Top Five: Safeties in the 2013 NFL Draft
Brian Bassett , TheJetsBlog.com
As we start to head more heavily into free agency and the draft season, we wanted to start a series of posts that takes a look at the top five position players at each spot. Ed Valentine had a good idea with his series, so we’re stealing a page from his work. So without further ado, we’re going to starting piecing together lists of the top five prospects at each spot based on the Perfectly Coifed One’s lists and then adding some consensus data (CBS, Fox, etc.) on round rankings.
Up first, the safeties.
Kenny Vaccaro– Texas – 6’1″ 218 lbs (1st Round)
Matt Elam* – Florida – 5’10” 206 lbs (1st – 2nd Round)
Tony Jefferson* – Oklahoma – 5’10” 199 lbs (2nd Round)
Eric Reid* – LSU – 6’2″ 208 lbs (2nd Round)
Phillip Thomas – Fresno State – 6’1″ 215 lbs (2nd-3rd Round)
Jets Status: The Jets played two new free agent veterans at the spot last year and it was definitely an upgrade from 2011 and 2010. The wildly athletic LaRon Landry had a Pro Bowl season and Yeremiah Bell was a durable contributor as well for the team. The Jets drafted two younger players in Josh Bush and Antonio Allen in 2012 and of the two, Bush seemed to find a more natural fit. Bush is the coverage player, while Allen played a position in college that might approximate well to the “Big Nickel” role for the Jets should the team part ways with Eric Smith.
Analysis: Free safeties are much more prized than strong safeties in the modern NFL because of the need of safeties to so frequently defend the pass, whether from the safety spot or as an extra cornerback. For the first time in a few years, the safety class has a promising group of talented players that might go in the first three rounds. The top talent is Kenny Vaccaro, who played well in spite of the play of the Longhorns’ defense. Vaccaro has protypical size and speed and has a penchant to be a playmaker. Elam is the younger brother of former Jet Abram Elam and is more set to be a strong safety type player. Elam might not have the prototypical size, but his vision and ability to read a play will make him a desirable player for a team in the NFL. Jefferson played at OU since his freshman year and was a huge contributor to the defense with 33 starts in his time with the team. Jefferson might lack some ideal size, but his versatility is his biggest strength. He can blitz, play the run, or cover very well. Eric Reid is an interesting prospect and some have said that he’s a better player than Mark Barron was in last year’s class … but his biggest problem is his ability to read and diagnose a play. Because of this, Reid seems to be talked about as a solid second rounder at this point in the draft. Reid has the right size and can play well in coverage but has a tendency to not wrap up his tackles and to play a little over-aggressive, thereby taking himself out of a play. The last player, Phillip Thomas has not garnered the national attention he might deserve. Thomas broke his leg in 2011 which didn’t help matters. Even so, Thomas is considered one of the nation’s best playmakers and has a knack for committing turnovers in the air or on the ground. He’s got prototypical size, but he’s not as fast and will need to work on his agility to become a player that could stand out in this draft class.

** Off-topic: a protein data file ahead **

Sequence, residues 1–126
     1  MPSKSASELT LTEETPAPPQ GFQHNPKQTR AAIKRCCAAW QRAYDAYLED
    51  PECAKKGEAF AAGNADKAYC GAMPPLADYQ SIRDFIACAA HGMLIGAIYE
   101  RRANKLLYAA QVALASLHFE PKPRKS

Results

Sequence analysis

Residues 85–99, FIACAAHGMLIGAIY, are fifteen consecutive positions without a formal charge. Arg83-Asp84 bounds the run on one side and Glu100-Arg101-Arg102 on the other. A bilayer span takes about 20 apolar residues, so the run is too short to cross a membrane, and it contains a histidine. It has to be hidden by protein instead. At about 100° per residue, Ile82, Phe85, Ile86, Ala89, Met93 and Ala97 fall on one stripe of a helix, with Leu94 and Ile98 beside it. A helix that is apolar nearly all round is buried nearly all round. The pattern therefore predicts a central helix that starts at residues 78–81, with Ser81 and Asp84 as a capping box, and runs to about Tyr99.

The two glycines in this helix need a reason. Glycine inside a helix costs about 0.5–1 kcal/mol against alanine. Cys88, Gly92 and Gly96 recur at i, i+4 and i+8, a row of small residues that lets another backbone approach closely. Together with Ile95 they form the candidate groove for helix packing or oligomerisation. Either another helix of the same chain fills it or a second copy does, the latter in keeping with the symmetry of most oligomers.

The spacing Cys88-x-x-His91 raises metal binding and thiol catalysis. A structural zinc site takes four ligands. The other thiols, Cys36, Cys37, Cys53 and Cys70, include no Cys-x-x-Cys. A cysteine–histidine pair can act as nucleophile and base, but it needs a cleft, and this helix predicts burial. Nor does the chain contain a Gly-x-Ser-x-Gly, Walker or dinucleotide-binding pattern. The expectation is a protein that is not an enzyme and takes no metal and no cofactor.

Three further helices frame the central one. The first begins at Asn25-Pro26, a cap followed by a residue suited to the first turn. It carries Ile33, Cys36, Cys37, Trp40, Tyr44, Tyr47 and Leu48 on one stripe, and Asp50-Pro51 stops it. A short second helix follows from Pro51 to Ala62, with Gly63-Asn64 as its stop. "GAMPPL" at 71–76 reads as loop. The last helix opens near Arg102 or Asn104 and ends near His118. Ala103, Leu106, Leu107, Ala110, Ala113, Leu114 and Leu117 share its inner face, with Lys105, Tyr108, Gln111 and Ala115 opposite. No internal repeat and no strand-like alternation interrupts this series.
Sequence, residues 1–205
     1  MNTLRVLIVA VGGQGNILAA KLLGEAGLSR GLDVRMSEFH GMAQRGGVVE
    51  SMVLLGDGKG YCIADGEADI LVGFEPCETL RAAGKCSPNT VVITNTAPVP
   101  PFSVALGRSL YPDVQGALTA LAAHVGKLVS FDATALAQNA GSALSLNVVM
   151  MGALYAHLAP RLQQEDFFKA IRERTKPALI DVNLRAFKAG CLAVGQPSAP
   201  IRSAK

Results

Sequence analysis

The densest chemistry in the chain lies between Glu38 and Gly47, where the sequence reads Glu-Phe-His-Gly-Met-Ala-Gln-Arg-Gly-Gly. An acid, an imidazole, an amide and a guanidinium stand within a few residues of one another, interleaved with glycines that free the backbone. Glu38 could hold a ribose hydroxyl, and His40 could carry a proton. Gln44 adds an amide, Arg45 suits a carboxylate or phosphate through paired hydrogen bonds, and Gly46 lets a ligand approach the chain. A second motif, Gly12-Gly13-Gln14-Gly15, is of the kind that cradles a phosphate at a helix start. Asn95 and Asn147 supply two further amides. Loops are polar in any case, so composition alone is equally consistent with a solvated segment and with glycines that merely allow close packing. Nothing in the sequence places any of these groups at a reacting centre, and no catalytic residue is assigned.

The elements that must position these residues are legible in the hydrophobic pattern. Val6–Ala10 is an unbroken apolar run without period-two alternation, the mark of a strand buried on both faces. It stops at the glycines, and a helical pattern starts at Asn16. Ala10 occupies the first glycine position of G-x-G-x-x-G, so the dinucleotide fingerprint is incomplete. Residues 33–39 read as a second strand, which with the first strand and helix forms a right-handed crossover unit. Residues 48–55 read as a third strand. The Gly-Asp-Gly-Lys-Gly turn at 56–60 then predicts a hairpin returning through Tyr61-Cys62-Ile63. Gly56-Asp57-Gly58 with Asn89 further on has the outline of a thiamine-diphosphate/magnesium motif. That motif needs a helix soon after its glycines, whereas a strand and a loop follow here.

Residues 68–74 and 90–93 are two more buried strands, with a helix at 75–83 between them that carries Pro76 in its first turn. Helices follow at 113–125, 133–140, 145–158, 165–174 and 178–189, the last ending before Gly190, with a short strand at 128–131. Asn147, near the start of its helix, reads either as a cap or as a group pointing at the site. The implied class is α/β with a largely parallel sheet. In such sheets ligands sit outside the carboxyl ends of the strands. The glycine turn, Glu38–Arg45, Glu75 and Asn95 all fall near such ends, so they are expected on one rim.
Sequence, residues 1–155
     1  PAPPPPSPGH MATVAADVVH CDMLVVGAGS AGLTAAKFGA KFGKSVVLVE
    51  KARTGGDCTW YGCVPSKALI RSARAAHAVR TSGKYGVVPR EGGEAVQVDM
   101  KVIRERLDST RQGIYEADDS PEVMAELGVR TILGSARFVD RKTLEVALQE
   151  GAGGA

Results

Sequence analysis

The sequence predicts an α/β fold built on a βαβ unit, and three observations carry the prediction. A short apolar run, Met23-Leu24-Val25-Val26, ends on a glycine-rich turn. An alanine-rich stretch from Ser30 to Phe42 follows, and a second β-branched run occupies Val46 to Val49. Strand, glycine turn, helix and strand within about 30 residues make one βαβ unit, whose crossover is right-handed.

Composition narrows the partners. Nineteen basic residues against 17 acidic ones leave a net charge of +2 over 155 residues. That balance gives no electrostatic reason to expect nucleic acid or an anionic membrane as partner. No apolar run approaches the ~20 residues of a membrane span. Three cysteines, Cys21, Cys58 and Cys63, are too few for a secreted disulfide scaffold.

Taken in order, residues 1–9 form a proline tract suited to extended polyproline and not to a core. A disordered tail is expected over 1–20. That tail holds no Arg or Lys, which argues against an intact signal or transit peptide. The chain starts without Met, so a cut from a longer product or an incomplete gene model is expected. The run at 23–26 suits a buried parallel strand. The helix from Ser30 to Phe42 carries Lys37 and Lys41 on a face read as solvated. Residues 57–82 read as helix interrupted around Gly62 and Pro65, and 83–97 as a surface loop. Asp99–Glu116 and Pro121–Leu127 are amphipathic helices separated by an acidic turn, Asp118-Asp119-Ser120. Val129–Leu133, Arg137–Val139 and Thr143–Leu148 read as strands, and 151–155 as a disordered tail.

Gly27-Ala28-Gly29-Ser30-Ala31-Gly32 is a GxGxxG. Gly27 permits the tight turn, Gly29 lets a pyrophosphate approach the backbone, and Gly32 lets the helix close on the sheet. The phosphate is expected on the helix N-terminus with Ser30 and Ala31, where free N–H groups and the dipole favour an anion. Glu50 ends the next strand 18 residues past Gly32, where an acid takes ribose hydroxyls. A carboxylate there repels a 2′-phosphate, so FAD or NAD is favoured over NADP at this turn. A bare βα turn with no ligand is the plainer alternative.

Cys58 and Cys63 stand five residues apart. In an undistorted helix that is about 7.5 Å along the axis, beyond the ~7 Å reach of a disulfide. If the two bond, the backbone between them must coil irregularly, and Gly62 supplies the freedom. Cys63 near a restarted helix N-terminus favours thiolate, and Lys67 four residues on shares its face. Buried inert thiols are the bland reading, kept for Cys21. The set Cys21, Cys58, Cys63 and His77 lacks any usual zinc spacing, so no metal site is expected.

Keep an Eye On … : I think the Jets might be too high in the draft to pull the trigger on Vaccaro, and then unless they trade around they might not be in the right spot to land any of the other guys … assuming Thomas doesn’t impress with his Combine numbers, I could see the Jets calling Phillip Thomas’s name at the top of the third round.